Telecommuting Statistics

It is little secret that with the growth and prominence of telecommunications technology thus far, that many companies are using the technology in new and exciting ways – but what do the telecommuting job statistics really show? In short, they show the beginnings of a paradigm shift in the way people are working, and in how business is getting done in the first decade of the 21st century. The statistics show a real, changing market dynamic that is taking advantage of new technology and forging a space where both worker and employer are finding incredible new benefits from the arrangements. In fact, a quick review of these telecommuting job statistics is really all one needs to understand how the working world is changing for the better. 

Statistics On Productivity 

With telecommuting growing each and every year, more and more prominent companies and firms are switching to, or adopting some level of home based telecommuting workers. Companies such as JD Edwards, American Express and Best Buy, Inc. have invested into a significant telecommuting work force for some divisions of their operations, and they report up to 40% increased productivity for those workers. (Lister and Harnish). 

Also, some studies have revealed that for most companies that switch to a telecommuting work force, those companies see an immediate 15 percent increase in productivity and efficiency in their work force. These studies also revealed that telecommuting workers required fewer hours to produce more work at a higher level of quality. (Business Lexington, 2009) 

Telecommunications company AT&T nets a total savings from their telecommuting work force of more than $100 million per year. (AT&T 2000)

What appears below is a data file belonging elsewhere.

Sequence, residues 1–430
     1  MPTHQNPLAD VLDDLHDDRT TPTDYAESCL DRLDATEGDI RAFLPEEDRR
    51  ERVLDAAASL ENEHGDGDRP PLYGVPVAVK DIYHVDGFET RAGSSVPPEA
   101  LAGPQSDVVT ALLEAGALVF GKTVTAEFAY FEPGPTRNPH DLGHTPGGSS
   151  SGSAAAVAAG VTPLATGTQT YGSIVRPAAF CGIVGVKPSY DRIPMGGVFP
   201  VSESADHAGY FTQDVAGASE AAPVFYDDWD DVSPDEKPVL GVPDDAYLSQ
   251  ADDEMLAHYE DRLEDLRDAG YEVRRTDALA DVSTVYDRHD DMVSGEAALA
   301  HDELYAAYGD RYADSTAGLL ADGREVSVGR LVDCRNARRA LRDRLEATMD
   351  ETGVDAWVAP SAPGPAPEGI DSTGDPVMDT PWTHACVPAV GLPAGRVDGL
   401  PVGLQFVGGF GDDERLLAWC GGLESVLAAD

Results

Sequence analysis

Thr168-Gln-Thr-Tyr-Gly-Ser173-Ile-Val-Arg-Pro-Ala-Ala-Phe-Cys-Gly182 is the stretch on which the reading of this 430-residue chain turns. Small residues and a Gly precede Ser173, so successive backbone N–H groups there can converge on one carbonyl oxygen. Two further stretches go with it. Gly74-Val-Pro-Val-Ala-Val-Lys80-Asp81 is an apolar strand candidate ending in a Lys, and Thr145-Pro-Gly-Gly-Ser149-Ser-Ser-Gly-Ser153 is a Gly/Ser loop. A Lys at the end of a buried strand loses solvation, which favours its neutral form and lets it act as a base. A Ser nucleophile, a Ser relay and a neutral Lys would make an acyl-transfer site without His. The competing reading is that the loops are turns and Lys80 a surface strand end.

Statistics On Overhead Costs 

There are also significant statistics available on the savings available to overhead costs through these telecommuting initiatives. For example, Sun Microsystems saved more than $67 million in real estate expenses in 2006 when they shifted 18,000 workers into a telecommuting operation, and Sun saves more than $70 million every fiscal year on real estate costs and operating expenses due to their use of telecommuting workers. 

One study found that workers who worked from home save companies and firms more than $8,000 per worker each and every year. (Lister and Harnish) 

Recently, Dow Chemical slashed their real estate and operating expenses by more than 33 percent through the use of telecommuting. (Lister and Harnish) 

And though these few telecommuting job statistics barely crack all of the incredible benefits that telecommuting can have for workers and for employers, the tale is, as they say, in the tape. There are many and myriad benefits and very few drawbacks to telecommuting, and with the growing sophistication and accessibility of the latest in telecommunication technology, it is little wonder that each and every year the ranks of companies and businesses offering their workers the ability to telecommute is growing by double digits. One glance through the telecommuting job statistics is all one needs to see that the wave of future economic growth goes through the home based worker’s office.